The very first dog I raised from a puppy, all on my own, was Falco, a Vizsla. They are a very old sporting breed, over 1000 years old, from the plains of Hungary, and were originally bred to be falconry dogs, thus my naming of him. Falco is genus for the falcons. These are wonderful dogs, bred to be great family and field dogs both – pointing and retrieving, swimming, running; perfect for me, since I am outside so often.
They are also very agile and energetic, so he could keep up with me all too well. Actually, the only way I could keep up with him was on a bicycle. He thoroughly enjoyed our bike rides together, as we could keep pace with each other then, and he could really stretch out his stride. We would often bike 2-3 miles to a local river, swim and explore for about 2 hours, and then bike back. The only time this bothered him was when it was too hot, but other than that, we both had a great time with it; there was no wearing out this dog. He kept coming with me and my son through his 16th summer, although a bit slower, of course.
He was so fit and agile, I also almost felt obligated to do a lot of agility with him. No special courses or anything, just jumping from log to log, over fences and nets, up and over picnic tables, walking along the top of brick walls, through playgrounds, or whatever else I could find. If he was really motivated, this not overly large 45 pound dog could clear a 5 foot fence, although he usually balked at around 4 feet.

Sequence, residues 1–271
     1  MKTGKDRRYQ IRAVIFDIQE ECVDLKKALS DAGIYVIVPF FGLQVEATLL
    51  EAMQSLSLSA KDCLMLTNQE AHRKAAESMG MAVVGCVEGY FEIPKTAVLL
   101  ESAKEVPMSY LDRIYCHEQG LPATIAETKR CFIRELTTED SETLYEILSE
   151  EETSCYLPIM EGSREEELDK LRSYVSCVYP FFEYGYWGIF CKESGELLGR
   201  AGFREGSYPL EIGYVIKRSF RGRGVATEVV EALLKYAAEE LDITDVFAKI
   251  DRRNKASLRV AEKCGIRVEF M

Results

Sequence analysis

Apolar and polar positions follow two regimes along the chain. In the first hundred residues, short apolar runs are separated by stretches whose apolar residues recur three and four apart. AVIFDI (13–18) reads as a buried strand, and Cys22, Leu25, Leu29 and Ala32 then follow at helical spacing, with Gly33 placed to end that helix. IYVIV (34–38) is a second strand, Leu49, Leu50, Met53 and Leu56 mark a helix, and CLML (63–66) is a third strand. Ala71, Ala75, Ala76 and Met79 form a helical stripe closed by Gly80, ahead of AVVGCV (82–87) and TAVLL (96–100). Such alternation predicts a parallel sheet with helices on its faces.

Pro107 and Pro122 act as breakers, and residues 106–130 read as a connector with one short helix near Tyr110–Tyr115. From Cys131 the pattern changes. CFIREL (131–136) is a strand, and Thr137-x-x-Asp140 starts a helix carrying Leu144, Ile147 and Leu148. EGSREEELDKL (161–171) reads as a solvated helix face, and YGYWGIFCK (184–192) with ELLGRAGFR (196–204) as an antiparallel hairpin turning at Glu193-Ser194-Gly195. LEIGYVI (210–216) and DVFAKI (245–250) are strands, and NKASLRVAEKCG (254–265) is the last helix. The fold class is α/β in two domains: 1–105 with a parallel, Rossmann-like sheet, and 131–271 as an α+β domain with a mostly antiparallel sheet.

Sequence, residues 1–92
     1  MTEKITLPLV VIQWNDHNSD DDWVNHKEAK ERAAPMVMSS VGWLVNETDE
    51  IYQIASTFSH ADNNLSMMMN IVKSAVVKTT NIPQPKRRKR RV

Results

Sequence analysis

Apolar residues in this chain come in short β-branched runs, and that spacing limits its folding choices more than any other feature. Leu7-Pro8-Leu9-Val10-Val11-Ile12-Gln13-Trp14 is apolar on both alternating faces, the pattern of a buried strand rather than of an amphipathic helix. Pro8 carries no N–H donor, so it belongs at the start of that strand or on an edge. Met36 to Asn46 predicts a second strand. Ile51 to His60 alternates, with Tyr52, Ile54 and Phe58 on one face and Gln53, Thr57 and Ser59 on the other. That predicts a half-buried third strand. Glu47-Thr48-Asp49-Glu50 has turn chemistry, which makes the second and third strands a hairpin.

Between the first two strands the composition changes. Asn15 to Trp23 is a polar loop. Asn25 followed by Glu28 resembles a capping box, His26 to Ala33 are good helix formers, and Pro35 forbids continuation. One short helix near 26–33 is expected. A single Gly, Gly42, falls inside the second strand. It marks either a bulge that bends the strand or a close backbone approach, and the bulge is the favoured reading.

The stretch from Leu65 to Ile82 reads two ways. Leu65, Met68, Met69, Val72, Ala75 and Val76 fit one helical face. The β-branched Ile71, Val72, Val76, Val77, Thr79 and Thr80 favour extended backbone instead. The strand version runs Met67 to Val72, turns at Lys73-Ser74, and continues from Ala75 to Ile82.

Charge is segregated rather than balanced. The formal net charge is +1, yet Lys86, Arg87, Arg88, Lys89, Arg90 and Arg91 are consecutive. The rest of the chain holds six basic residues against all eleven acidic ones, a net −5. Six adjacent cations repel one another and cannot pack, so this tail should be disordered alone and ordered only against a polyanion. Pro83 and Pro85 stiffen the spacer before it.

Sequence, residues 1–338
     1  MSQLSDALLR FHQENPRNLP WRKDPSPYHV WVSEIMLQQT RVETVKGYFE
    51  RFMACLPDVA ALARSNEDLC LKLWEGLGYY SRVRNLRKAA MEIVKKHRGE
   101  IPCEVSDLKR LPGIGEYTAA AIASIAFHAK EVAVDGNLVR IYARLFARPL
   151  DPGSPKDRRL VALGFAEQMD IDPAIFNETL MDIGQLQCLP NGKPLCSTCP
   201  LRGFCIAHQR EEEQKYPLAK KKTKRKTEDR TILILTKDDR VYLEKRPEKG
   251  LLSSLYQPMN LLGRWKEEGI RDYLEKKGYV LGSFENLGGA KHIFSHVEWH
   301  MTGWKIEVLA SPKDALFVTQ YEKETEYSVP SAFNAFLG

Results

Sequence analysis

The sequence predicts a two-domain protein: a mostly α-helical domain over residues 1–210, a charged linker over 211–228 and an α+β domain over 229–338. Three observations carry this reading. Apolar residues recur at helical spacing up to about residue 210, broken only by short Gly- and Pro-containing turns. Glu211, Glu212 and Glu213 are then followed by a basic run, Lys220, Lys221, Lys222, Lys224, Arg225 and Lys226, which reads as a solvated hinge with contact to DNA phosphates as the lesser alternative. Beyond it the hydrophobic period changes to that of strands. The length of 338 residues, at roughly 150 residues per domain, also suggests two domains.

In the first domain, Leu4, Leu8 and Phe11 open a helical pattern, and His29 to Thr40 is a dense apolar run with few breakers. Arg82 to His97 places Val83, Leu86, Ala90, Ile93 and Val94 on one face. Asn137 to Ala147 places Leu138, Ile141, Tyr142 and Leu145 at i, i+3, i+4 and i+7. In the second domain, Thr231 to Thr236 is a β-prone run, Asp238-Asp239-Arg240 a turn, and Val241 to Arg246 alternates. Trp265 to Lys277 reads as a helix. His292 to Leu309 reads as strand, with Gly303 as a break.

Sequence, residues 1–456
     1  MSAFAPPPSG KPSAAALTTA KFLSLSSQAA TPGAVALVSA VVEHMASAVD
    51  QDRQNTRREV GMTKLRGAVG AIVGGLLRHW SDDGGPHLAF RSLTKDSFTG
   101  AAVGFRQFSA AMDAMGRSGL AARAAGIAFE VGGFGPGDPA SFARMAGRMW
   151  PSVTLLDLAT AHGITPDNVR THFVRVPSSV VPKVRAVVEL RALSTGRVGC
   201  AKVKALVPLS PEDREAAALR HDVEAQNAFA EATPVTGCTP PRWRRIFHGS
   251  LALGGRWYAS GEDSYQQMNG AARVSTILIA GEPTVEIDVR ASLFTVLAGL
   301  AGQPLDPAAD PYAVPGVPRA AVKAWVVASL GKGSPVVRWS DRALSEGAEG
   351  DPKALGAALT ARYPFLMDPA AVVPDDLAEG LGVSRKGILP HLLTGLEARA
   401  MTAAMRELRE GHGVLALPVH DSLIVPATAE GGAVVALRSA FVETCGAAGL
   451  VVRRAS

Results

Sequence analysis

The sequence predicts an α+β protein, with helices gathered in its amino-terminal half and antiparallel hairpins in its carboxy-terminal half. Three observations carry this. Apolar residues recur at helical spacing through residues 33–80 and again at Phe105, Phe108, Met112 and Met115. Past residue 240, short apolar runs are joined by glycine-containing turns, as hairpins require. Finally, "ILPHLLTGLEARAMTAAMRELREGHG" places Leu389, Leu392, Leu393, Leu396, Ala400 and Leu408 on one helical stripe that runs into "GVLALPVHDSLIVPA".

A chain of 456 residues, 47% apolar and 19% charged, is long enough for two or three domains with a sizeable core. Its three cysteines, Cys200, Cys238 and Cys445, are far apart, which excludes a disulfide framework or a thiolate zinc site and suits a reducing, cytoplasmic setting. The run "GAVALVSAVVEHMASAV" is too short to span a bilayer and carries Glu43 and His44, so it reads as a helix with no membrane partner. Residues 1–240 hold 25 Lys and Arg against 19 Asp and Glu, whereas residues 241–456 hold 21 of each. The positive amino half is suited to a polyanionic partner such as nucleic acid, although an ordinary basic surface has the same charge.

He was also a very gentle fellow when he had to be. I can recall visiting a friend who had a very small child, not quite walking yet. Falco was lying down next to him, and the child would place a tennis ball in his mouth. Falco would gently take it, then drop it right there so they could both do it again. What a contrast for a dog that also chased a 100+ pound Rottweiler right back into its own yard. He was not aggressive, but certainly did not want to be subordinate.
As he got older, he finally went almost totally deaf, so I had to use hand signals more often, as he was off lead trained, and preferred that freedom. Unfortunately, he was also too smart, and realized that if he did not look at me, he received no directives or commands to obey. Needless to say, roadside walks were on lead again, but if there were no vehicles, he was good to go, at least occasionally looking over at me.
Last summer, he finally succumbed to a host of ailments at the age of 17. I knew he was not for much longer, as almost everything on him hurt, his back legs were failing, his appetite diminished, but he was so determined not to quit, I could not quit for him. If only we all had that kind of determination. I was only a few days from giving him a final peaceful end when he wandered off, never to be found – not the ending I wanted for him, but at least he left doing what he enjoyed the most, exploring. He had just been fed, not eating much, separated from my two new acquisitions. Being puppies, they had too much enthusiasm for him, but I really did want them to meet each other. Falco had to be fed outside the fence, so he could eat in peace. He slipped away on my wife while I was not there. Good bye, old friend.